I was a Bonegillian before I understood I was Australian Wanda Skowrowska, father Poland, mother Latvia 1951.
The Block 19 remnant of the Bonegilla Reception Centre, the collection and the oral and written records associated with the Centre are of National Significance. They demonstrate and illuminate a defining change in immigration, for the post-war shift from prioritising Anglo immigration sources transformed political and social expectations of the cultural diversity of Australia.
About 24 of what were once 834 huts in the Centre as a whole remain. The barracks buildings and their layout demonstrate the basic conditions typical of migrant reception places. Block 19 retains a strong sense of what the migrant experience would have been like.
The National Archives of Australia holds official administrative records and migrant personal cards. The Bonegilla Collection at Albury LibraryMuseum is the principal holding of written and photographic evidence with memorabilia that underpins the collective memory of former residents. It provides first-hand observations that enliven understandings of arrival and settlement experiences.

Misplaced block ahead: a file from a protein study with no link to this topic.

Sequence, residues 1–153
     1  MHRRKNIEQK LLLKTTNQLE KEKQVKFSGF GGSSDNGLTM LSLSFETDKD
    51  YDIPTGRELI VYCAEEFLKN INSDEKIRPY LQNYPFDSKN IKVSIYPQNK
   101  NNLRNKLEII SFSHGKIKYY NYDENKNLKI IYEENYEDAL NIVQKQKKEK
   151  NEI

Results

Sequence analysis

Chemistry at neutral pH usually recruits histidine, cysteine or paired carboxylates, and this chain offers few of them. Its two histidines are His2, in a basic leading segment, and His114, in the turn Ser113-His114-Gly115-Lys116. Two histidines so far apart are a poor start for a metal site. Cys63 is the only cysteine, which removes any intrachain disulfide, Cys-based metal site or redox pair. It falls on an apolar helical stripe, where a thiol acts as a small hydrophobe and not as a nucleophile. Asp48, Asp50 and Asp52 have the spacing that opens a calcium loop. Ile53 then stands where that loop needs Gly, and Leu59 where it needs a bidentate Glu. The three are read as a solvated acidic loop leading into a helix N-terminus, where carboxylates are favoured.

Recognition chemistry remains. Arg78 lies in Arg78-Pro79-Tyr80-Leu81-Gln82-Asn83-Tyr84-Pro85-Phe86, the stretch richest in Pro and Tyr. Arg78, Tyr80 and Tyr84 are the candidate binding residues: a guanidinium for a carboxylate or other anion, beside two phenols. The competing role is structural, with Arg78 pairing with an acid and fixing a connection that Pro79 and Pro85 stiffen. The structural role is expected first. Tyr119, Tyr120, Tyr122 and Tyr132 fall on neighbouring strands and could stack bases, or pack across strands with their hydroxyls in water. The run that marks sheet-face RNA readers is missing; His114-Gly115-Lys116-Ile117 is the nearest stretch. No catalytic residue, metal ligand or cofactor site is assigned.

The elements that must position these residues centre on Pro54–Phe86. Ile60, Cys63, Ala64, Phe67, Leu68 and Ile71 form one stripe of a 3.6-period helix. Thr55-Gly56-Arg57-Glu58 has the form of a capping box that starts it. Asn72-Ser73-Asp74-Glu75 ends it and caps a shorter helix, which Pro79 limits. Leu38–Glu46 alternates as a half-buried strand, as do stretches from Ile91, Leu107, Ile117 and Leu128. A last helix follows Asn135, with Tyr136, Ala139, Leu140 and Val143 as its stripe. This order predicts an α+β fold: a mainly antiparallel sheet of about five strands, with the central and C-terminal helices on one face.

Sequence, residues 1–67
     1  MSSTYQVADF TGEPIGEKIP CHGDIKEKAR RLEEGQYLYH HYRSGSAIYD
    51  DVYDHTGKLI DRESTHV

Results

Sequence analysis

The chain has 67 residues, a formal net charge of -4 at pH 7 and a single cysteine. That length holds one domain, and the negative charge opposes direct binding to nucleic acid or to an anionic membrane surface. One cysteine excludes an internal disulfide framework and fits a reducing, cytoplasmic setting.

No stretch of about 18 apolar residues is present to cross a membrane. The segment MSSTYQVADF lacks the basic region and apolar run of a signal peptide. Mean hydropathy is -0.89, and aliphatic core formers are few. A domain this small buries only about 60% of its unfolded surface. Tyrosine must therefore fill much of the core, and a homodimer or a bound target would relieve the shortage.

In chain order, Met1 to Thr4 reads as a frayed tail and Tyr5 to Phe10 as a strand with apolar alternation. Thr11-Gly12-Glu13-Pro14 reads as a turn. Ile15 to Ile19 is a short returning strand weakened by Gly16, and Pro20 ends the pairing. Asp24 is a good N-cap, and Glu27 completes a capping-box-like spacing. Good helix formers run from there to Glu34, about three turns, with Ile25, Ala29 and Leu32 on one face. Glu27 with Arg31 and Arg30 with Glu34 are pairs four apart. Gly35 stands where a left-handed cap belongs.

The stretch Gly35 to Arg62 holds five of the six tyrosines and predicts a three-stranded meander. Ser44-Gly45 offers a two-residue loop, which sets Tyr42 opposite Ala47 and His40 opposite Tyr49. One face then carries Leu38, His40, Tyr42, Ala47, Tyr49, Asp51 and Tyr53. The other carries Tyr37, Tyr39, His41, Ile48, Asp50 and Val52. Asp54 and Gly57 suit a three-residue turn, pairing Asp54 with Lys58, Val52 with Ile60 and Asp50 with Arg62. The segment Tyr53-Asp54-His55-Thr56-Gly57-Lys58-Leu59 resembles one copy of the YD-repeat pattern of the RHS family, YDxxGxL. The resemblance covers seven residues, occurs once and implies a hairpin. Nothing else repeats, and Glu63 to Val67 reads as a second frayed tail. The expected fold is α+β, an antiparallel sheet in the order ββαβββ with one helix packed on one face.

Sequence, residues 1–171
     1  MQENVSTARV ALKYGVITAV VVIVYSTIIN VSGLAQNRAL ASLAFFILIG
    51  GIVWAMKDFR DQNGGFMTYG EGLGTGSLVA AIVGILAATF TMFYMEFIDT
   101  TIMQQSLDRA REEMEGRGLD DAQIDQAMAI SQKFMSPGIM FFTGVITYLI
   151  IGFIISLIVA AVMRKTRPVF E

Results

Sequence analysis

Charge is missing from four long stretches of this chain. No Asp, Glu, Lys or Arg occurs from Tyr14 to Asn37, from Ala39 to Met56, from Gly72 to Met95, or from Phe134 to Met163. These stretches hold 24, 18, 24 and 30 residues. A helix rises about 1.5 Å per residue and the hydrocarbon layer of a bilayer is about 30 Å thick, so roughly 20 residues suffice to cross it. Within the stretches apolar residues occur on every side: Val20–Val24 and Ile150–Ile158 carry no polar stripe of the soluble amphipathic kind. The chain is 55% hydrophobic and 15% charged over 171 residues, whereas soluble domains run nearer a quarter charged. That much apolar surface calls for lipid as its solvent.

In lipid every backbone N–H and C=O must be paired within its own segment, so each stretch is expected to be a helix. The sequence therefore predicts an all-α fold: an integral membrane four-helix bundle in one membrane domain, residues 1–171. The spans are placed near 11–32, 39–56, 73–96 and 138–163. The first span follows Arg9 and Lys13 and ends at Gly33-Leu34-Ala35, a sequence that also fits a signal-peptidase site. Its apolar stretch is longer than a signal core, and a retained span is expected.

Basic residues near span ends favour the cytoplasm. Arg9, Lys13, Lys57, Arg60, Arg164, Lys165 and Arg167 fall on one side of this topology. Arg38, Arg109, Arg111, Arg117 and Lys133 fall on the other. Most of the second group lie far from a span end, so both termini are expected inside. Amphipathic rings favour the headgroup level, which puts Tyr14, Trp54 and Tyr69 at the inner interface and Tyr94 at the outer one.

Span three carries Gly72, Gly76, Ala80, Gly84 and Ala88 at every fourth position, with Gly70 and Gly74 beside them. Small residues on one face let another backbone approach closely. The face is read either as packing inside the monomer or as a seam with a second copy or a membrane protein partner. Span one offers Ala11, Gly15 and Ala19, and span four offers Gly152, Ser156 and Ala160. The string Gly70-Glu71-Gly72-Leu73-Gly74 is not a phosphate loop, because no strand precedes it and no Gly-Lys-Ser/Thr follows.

Together, the immigration records held at the National Archives of Australia, the Block 19 site, and the Bonegilla Collection form a triptych that yields insights into post-war migrant and refugee experiences from differing angles.
The site and the Collection attract many pilgrims, especially former residents and their descendants. For them, it seems that Bonegilla was more than a temporary staging camp. It was their Australian landing place, their first home. It was a threshold through which they passed to a new life in a new country. Many feel a special attachment to the place. This special attachment is acknowledged in the advice of the ABC's Standing Committee on Spoken English. It says that '/bohn-GIL-uh/ is the pronunciation for Bonegilla, the town and Army base, but when referring to the migrant hostel, the name should be pronounced [bon-uh-GIL-uh] because thatís how the migrants pronounced the name'.
For the public generally the construction of an Army camp of 1940 and its subsequent conversion into a migrant Centre in 1947 indicate attempts to cope with national vulnerability during and after the Second World War. It is a place to ask not only what newcomers made of Australia, but also what did Australia, in providing this facility, make of them. It prompts thinking about how Australia took in and still takes in strangers.
Bruce Pennay, 31 March 2008